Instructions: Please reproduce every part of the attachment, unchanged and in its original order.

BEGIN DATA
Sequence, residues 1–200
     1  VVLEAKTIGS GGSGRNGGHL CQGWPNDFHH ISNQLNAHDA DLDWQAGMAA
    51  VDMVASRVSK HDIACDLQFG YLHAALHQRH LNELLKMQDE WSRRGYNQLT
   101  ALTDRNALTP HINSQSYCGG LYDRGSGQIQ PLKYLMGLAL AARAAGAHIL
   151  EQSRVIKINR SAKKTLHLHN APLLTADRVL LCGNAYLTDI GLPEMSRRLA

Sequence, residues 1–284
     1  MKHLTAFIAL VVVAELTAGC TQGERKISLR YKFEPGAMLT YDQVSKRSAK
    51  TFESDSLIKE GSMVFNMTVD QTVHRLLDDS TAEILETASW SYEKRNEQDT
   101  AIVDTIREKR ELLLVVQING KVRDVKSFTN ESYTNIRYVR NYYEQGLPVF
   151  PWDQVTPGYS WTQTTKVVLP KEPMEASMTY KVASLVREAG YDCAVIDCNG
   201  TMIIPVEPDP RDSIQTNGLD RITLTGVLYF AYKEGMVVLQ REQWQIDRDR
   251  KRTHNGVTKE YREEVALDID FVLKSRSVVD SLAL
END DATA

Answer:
Sequence, residues 1–200
     1  VVLEAKTIGS GGSGRNGGHL CQGWPNDFHH ISNQLNAHDA DLDWQAGMAA
    51  VDMVASRVSK HDIACDLQFG YLHAALHQRH LNELLKMQDE WSRRGYNQLT
   101  ALTDRNALTP HINSQSYCGG LYDRGSGQIQ PLKYLMGLAL AARAAGAHIL
   151  EQSRVIKINR SAKKTLHLHN APLLTADRVL LCGNAYLTDI GLPEMSRRLA

Sequence, residues 1–284
     1  MKHLTAFIAL VVVAELTAGC TQGERKISLR YKFEPGAMLT YDQVSKRSAK
    51  TFESDSLIKE GSMVFNMTVD QTVHRLLDDS TAEILETASW SYEKRNEQDT
   101  AIVDTIREKR ELLLVVQING KVRDVKSFTN ESYTNIRYVR NYYEQGLPVF
   151  PWDQVTPGYS WTQTTKVVLP KEPMEASMTY KVASLVREAG YDCAVIDCNG
   201  TMIIPVEPDP RDSIQTNGLD RITLTGVLYF AYKEGMVVLQ REQWQIDRDR
   251  KRTHNGVTKE YREEVALDID FVLKSRSVVD SLAL